(CNN) - A special New Jersey State Assembly committee investigating the George Washington Bridge scandal that has rocked the administration of Gov. Chris Christie gets to work on Thursday, and the first priority is to subpoena documents as well as current and former aides, two sources familiar with the matter told CNN.
Former Deputy Chief of Staff Bridget Kelly, the governor's chief spokesman, Mike Drewniak, and Bill Stepien, a sharp-elbowed Christie political confidante who managed both his successful gubernatorial runs, are on the list, according to the sources.
Other names are also being discussed by the panel that is led by Democrats and will be assisted by a key figure in the federal prosecution of former Illinois Gov. Rod Blagojevich.
The new committee will take the lead from the Assembly's transportation panel. The New Jersey Senate also has its own special panel conducting an investigation.
The U.S. Attorney's Office in New Jersey is also looking into the scandal that threatens to complicate Christie's political prospects, which include a possible run for president in 2016.
At issue is whether top aides to the embattled Republican orchestrated traffic gridlock last September on the New Jersey side of the George Washington Bridge as political payback against the mayor of Fort Lee, who did not endorse Christie for re-election last November.
Christie has said he was stunned by the suggestion, which was first made by Democrats and subsequently magnified by explosive e-mails released last week by state legislators.
Christie fired Kelly. Her name appeared in e-mails with an appointee at the Port Authority of New York and New Jersey, David Wildstein, who left his job as the scandal unfolded last fall. One e-mail quoted her as saying: "Time for some traffic problems in Fort Lee."
In other exchanges involving Wildstein, Stepien described Fort Lee Mayor Mark Sokolich, a Democrat, as an "idiot." E-mails also suggested that Stepien was aware of the maneuvering that led to traffic gridlock. Christie asked Stepien to leave his political operation.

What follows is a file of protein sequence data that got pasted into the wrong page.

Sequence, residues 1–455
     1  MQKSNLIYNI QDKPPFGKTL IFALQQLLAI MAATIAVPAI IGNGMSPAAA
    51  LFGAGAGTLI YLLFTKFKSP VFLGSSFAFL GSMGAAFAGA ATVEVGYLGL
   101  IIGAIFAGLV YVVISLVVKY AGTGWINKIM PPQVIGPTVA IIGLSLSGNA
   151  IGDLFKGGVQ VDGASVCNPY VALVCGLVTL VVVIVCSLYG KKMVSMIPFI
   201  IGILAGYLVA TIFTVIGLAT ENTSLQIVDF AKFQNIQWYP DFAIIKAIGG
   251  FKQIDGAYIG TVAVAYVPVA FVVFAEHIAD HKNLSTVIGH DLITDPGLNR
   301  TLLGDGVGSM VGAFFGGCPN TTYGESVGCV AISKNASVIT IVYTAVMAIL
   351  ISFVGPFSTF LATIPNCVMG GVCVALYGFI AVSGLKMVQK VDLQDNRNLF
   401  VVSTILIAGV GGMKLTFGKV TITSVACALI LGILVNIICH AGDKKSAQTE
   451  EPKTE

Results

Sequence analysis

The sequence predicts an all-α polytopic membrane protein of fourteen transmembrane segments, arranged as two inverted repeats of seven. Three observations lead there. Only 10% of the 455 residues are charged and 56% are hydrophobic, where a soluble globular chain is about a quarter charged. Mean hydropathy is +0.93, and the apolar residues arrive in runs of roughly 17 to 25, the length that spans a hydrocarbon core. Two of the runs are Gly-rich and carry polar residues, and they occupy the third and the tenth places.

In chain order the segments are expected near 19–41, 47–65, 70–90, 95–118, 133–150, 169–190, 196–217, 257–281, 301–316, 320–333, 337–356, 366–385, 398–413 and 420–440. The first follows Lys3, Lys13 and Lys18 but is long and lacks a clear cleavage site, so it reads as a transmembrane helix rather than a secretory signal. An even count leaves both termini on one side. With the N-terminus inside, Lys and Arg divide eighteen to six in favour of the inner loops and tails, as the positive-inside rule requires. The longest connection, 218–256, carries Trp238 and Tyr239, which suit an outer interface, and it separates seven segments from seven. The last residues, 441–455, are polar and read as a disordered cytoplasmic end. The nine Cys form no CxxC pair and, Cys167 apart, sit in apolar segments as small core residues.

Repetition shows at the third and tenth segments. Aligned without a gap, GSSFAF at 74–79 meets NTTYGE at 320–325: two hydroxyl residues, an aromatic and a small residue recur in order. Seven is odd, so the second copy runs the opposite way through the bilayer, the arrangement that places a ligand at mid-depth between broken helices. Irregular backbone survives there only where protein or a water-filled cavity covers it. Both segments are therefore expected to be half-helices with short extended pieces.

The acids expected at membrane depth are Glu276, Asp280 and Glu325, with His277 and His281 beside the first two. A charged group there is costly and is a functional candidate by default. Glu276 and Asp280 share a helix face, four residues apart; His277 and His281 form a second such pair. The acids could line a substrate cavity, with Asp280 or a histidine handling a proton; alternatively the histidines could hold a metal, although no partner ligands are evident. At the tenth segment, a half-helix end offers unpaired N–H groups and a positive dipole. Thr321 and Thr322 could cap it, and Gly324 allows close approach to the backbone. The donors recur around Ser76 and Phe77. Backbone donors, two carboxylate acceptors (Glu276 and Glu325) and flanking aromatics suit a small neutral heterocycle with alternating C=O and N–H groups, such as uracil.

E-mails do not link Drewniak to the traffic jam scandal or even suggest it. But they do indicate that he had dinner with Wildstein two days before the transportation official resigned in December. Wildstein thanked him for his "sound advice," and the two men later e-mailed back and forth about how to announce his departure from the Port Authority.
On Tuesday, Christie addressed the scandal briefly in his State of the State address, saying that "mistakes were clearly made." He said previously, however, that he knew nothing about any notion of a deliberate attempt to tie up traffic, much less exact revenge on Sokolich.
For now, the scandal with overtones of abuse of authority has not resonated much with the public nationally, according to one poll.
An NBC News/Marist survey released Wednesday indicated that nearly seven in 10 of those questioned said the bridge controversy had not changed their opinion of Christie, and nearly half describe him as a "strong leader." Only a quarter labeled Christie, known for his swagger and forthright political style, a "bully."
The special committee led by Democratic Assemblyman John Wisniewski, who has led the investigation to date, plans to review the documents first, then hear testimony from witnesses.
Former Assistant U.S. Attorney Reid Schar, currently in private practice specializing in white-collar defense and investigations, will assist the panel.
He was a point-person in the federal prosecution of Blagojevich, who was convicted in 2011 of corruption charges related to his attempts to "sell" Barack Obama's Senate seat after he was elected President.
"It's vital to have someone of the caliber of Mr. Schar joining us in this effort," Assembly Speaker Vincent Prieto said in a release announcing the appointment.